The primary purpose of vermiculite is to provide aid to the soil to improve its aeration and drainage so that nutrients can freely grow in the soil. This, in turn, is very beneficial for the growing plants as they can have all the nutrients they need, thereby resulting in production success.
Also, they are quite reliable for the starting seeds because vermiculite can fasten the seeds’ germination process.
They are responsible for absorbing calcium, magnesium, potassium, and ammonium, which is critical for young plants to thrive. Aside from that, they can also be mixed with potting soil so that your plants’ root systems will improve, allowing more space for nutrients to enter.
Furthermore, vermiculite is remarkably versatile as you can apply it in raised-beds, in-ground, and container gardening.
However, there are specific ratios to follow to maximize the benefits of vermiculite. Some of these benefits include eliminating packed down the soil, moisture control, proper root spread, and improves drainage.
In general, vermiculites are natural minerals that are mined and processed through extreme heat and formed into a lightweight granule. They are odorless and fireproof and are known to have several benefits in gardening.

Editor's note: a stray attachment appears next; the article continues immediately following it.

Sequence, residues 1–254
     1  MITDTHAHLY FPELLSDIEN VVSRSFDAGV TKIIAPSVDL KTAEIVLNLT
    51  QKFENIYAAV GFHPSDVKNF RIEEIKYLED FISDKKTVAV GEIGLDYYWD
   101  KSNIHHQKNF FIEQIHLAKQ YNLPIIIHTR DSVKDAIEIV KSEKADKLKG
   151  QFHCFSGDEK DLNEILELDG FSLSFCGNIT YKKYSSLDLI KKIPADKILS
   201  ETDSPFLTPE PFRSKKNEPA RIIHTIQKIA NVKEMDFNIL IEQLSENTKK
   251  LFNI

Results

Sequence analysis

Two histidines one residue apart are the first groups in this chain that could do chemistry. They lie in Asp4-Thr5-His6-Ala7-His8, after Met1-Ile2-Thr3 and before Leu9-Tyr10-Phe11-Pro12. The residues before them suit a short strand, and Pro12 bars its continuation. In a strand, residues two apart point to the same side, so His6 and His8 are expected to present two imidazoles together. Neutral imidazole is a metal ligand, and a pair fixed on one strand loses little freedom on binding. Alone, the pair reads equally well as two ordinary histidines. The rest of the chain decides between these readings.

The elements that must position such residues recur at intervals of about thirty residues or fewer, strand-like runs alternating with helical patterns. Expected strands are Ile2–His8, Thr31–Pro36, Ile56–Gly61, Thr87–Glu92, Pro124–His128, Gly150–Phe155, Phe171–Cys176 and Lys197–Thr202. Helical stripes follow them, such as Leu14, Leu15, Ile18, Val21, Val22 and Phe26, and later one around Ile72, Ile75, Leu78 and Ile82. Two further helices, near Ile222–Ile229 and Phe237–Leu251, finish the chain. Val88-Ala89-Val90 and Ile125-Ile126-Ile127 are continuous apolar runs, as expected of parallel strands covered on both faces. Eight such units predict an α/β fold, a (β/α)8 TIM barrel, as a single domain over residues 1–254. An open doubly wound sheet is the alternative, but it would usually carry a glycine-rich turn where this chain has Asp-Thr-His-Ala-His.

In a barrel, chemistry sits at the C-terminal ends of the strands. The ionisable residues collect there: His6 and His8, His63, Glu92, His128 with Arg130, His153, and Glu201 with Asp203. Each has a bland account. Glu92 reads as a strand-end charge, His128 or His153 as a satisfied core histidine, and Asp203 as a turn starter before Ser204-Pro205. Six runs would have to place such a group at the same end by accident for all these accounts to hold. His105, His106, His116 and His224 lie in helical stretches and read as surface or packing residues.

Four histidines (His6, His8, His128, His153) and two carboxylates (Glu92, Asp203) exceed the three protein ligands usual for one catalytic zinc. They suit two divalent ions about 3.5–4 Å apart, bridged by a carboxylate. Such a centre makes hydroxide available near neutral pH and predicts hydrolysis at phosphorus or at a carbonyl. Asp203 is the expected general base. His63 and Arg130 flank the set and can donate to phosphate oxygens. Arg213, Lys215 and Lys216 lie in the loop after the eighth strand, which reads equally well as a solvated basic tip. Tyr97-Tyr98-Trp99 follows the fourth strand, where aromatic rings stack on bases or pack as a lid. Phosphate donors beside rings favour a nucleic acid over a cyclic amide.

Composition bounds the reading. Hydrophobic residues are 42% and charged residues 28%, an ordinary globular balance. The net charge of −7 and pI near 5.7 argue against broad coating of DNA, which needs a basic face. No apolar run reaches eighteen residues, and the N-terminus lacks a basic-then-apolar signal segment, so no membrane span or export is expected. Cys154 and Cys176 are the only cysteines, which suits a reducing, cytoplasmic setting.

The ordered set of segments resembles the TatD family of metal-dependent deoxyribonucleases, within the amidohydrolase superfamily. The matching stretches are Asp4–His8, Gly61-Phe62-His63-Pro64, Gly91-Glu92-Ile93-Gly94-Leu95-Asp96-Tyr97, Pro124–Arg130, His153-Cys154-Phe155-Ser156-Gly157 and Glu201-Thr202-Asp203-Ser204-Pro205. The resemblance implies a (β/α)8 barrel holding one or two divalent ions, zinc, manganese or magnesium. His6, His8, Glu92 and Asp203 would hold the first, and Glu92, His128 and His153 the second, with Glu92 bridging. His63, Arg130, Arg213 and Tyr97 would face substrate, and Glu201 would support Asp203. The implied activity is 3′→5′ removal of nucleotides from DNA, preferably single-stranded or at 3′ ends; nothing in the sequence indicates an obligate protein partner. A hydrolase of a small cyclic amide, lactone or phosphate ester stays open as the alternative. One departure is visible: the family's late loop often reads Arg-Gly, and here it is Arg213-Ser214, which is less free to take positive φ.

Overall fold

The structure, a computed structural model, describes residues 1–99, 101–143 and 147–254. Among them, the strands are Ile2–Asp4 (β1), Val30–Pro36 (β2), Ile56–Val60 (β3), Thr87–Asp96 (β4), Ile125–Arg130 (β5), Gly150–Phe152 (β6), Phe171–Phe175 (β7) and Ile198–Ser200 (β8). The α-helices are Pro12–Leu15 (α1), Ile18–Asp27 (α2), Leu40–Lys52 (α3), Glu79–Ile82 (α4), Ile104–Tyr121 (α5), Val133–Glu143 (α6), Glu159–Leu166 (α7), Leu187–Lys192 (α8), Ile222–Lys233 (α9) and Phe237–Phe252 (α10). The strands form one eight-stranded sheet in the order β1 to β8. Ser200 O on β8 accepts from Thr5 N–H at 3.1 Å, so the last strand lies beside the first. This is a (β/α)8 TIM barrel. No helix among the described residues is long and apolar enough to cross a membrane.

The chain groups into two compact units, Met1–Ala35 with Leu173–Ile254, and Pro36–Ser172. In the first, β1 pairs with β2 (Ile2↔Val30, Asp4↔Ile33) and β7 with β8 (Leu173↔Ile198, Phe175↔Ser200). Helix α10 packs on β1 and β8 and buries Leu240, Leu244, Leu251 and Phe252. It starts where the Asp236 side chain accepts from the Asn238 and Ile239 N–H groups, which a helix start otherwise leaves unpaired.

Garden Vermiculite Pros and Cons
With all the relevant features of vermiculite, there are still some disadvantages when working with them. But before talking about its disadvantages, let us first discuss some of its notable advantages.
Pros of Garden Vermiculites:
It has a natural pH of 7.0, which is close to neutral, which means you do not have to apply other solutions to achieve a balanced pH.
• Excellent water retention.
• Longer days to dry out, leaving the root zone to stay wet for longer than usual.
• It holds nutrients pretty well.
• It can either be used alone or mixed with other growing media.
• It is sterile, making it suitable for starting seeds.